By Elyse Wanshel, HuffPost Black Voices

A woman in Canada who recently had her left leg amputated is having a difficult time accepting her new body.

Rahab Wanjau, 30, was born with a deformity on her left tibia (or shinbone). She told HuffPost that after five painful surgeries, which left her relying on crutches most of her life, doctors recommended she have her leg amputated.

Rahab Wanjau

In June, she had it removed at Regina General Hospital in Regina, Saskatchewan. After her surgery, Wanjau went to Regina’s Wascana Rehabilitation Center to pick up a prosthetic leg and foot shell, or a cosmetic covering for a prosthetic foot.

She was shocked and disheartened to discover she only had two color options for a foot shell: one shade was way too light and another was too dark.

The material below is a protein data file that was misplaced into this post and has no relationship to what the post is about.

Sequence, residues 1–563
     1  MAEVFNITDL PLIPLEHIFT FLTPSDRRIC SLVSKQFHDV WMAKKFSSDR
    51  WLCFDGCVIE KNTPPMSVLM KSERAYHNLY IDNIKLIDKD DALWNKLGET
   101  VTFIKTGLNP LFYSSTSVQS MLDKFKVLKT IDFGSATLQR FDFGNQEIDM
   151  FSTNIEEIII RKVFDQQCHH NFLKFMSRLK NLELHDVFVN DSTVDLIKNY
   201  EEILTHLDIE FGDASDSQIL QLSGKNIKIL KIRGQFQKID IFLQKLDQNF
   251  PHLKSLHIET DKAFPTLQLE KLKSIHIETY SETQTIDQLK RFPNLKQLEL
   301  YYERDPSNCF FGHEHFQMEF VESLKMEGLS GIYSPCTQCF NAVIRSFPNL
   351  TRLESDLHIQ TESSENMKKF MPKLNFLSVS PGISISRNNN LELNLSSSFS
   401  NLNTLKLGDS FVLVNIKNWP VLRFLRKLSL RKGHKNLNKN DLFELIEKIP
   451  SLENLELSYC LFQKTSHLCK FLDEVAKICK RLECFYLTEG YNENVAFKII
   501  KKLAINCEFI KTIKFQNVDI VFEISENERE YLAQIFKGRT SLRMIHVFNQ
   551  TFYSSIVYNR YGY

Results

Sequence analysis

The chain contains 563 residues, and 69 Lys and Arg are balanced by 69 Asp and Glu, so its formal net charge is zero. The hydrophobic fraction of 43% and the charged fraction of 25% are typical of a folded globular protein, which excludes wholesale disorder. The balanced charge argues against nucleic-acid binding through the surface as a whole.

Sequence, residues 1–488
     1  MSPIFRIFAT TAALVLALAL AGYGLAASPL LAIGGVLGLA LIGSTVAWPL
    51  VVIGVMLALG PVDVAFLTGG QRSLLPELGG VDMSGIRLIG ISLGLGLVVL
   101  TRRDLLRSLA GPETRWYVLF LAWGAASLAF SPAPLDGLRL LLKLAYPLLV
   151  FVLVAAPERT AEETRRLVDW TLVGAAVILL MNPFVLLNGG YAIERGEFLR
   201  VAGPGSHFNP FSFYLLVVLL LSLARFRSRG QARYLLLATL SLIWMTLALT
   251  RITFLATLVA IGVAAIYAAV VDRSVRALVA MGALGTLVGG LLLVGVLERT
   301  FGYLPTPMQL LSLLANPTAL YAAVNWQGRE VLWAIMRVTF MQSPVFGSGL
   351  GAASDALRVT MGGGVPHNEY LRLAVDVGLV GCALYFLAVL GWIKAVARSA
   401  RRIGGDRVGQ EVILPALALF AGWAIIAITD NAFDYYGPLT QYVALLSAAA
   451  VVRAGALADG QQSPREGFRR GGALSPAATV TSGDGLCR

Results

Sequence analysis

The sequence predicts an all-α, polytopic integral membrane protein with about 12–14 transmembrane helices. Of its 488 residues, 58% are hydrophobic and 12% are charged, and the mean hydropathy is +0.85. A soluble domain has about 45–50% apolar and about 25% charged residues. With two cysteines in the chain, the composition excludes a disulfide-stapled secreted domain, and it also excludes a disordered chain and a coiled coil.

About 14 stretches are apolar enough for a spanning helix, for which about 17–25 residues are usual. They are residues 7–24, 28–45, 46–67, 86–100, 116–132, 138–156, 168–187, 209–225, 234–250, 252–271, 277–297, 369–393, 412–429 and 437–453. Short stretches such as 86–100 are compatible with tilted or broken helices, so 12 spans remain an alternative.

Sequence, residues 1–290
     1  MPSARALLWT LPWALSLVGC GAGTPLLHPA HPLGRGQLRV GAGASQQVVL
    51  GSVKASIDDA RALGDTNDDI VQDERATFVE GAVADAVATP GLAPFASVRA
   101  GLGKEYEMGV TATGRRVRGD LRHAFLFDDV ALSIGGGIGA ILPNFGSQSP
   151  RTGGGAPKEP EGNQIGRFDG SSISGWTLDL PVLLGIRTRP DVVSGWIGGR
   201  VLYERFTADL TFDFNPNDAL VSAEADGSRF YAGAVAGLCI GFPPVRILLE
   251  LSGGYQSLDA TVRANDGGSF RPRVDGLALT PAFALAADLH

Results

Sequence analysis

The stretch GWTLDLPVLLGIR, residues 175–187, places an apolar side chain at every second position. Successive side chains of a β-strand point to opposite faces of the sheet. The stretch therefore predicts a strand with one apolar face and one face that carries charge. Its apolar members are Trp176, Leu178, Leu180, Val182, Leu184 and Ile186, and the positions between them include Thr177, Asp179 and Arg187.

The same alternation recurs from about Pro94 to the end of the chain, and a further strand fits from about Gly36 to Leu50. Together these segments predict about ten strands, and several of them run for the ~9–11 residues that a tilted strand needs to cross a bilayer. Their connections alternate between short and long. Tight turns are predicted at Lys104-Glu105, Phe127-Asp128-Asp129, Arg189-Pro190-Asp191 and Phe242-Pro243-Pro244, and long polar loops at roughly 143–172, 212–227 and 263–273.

Wanjau said when she asked her prosthetist if she could customize the color, she was told she would have to pay out of pocket for it.

“We have lots of color options when buying house paints, models of cars and makeup foundations,” Wanjau told HuffPost. “It would be great if I can pick a foot shell in my skin tone.”

Out of frustration, Wanjau contacted Ottobock, the company that manufactures the foot, and learned that because of the prosthesis’s material, only the company or an outside professional could permanently change the color. This too would have to be paid for out of pocket.

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